Article

Regulation of EGF-induced phospholipase C-gamma1 translocation and activation by its SH2 and PH domains.

Department of Cell Biology, Faculty of Medicine and Dentistry, University of Alberta, Edmonton, Alberta T6G 2H7, Canada.
Traffic (Impact Factor: 4.65). 10/2003; 4(9):618-30. DOI:10.1034/j.1600-0854.2003.00121.x
Source: PubMed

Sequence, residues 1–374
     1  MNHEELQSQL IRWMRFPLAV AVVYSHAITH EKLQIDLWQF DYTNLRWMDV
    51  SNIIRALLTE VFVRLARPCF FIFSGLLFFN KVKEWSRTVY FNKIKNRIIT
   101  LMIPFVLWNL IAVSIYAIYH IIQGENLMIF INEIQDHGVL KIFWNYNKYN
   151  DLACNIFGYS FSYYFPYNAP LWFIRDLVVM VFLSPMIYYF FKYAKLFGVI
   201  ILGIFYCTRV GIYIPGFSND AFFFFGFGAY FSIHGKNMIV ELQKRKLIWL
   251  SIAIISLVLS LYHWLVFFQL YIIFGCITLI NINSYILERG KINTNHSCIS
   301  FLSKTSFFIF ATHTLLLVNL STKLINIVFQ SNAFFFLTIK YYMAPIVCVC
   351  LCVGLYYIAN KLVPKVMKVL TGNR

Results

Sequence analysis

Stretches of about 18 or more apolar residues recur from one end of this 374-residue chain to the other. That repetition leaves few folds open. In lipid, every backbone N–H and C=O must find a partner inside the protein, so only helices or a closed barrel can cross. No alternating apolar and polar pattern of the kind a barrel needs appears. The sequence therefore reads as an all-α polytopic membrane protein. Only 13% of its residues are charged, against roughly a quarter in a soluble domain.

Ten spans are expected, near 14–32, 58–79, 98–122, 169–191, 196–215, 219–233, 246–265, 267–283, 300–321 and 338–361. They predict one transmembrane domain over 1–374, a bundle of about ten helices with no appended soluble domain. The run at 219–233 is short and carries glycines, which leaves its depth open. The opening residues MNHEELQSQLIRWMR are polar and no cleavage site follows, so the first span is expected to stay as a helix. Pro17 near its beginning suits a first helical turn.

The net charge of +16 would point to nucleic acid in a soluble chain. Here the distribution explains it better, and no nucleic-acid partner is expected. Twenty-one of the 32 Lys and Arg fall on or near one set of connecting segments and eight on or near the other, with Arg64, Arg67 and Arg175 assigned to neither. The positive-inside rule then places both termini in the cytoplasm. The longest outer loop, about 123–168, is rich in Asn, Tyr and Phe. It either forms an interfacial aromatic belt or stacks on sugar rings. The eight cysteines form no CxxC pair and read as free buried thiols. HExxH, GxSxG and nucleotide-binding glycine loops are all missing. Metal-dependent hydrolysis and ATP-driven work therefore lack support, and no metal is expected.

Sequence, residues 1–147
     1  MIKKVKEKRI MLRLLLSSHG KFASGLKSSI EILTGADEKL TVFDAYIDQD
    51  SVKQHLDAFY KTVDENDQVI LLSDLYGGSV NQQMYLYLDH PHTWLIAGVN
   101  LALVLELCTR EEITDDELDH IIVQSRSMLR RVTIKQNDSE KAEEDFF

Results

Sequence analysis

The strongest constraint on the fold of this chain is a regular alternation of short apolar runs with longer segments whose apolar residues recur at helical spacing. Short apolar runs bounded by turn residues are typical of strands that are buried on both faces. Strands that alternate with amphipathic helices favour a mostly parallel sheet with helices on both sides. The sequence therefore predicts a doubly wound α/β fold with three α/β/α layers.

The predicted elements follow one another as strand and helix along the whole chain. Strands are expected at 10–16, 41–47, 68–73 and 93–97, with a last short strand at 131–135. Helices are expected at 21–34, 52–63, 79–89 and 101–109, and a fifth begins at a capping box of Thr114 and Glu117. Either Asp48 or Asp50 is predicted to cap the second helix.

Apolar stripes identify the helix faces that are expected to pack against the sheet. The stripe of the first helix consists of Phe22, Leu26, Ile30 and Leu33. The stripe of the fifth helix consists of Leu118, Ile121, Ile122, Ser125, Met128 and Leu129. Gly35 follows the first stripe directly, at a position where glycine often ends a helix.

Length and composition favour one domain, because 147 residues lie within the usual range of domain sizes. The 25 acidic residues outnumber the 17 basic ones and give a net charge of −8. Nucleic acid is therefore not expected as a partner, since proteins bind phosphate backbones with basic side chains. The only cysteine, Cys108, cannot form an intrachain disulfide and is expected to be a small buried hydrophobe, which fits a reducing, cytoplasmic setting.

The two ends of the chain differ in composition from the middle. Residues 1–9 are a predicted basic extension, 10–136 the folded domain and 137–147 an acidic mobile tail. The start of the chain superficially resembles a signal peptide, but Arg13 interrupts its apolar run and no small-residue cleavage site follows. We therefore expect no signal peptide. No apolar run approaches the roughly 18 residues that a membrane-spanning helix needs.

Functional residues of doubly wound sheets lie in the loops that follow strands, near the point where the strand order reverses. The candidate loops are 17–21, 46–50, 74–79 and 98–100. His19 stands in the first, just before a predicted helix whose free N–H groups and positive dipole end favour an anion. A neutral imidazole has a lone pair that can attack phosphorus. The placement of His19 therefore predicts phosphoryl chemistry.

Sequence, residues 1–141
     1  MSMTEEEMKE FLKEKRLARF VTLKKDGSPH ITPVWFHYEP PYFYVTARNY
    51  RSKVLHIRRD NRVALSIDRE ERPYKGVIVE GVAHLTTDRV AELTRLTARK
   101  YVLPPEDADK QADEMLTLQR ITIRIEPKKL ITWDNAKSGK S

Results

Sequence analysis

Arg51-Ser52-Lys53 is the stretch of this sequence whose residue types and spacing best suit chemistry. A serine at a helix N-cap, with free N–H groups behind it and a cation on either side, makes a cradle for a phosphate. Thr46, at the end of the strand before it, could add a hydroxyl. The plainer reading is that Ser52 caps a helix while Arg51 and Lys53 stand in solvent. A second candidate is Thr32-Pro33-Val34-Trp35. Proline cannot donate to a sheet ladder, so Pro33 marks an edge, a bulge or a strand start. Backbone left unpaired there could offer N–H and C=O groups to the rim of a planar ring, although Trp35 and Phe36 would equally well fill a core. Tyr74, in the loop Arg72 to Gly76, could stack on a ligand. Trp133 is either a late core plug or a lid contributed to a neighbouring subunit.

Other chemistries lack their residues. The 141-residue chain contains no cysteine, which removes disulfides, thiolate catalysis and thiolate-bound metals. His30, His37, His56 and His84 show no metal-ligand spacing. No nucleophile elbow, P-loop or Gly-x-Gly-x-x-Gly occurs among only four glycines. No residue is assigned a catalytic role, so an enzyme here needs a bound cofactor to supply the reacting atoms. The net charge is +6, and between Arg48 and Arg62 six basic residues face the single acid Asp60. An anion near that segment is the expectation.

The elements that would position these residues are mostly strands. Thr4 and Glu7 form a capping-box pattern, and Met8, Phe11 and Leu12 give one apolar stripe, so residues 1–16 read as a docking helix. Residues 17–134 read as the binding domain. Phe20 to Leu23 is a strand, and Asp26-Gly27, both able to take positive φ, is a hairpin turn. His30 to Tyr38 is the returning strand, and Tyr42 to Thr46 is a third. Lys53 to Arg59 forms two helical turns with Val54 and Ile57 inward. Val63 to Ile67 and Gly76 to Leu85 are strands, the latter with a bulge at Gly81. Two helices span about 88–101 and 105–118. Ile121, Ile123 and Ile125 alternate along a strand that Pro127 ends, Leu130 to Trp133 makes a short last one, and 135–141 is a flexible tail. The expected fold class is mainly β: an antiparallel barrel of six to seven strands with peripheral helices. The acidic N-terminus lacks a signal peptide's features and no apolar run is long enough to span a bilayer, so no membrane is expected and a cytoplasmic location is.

ABSTRACT Translocation of phospholipase C-gamma1 is essential for its function in response to growth factors. However, in spite of recent progress, the phospholipase C-gamma1 translocation pattern and the molecular mechanism of the translocation are far from fully understood. Contradictory results were reported as to which domain, PH or SH2, controls the epidermal growth factor-induced translocation of phospholipase C-gamma1. In this communication, we studied epidermal growth factor-induced translocation of phospholipase C-gamma1 by using comprehensive approaches including biochemistry, indirect fluorescence and live fluorescence imaging. We provided original evidence demonstrating that: (i) endogenous phospholipase C-gamma1, similar to YFP-tagged phospholipase C-gamma1, translocated to endosomes following its initial translocation from cytosol to the plasma membrane in response to epidermal growth factor; (ii) phospholipase C-gamma1 remained phosphorylated in endosomes, but phospholipase C-gamma1 activity is not required for its translocation, which suggests a signaling role for phospholipase C-gamma1 in endosomes; (iii) the PH domain was not required for the initial translocation of phospholipase C-gamma1 from cytosol to the plasma membrane, but it stabilizes phospholipase C-gamma1 in the membrane at a later time; (iv) the function of the phospholipase C-gamma1 PH domain in stabilizing phospholipase C-gamma1 membrane association is very important in maintaining the activity of phospholipase C-gamma1; and (v) the role of the PH domain in phospholipase C-gamma1 membrane association and activation is dependent on PI3K activity. We conclude that the phospholipase C-gamma1 SH2 and PH domains coordinate to determine epidermal growth factor-induced translocation and activation of phospholipase C-gamma1.

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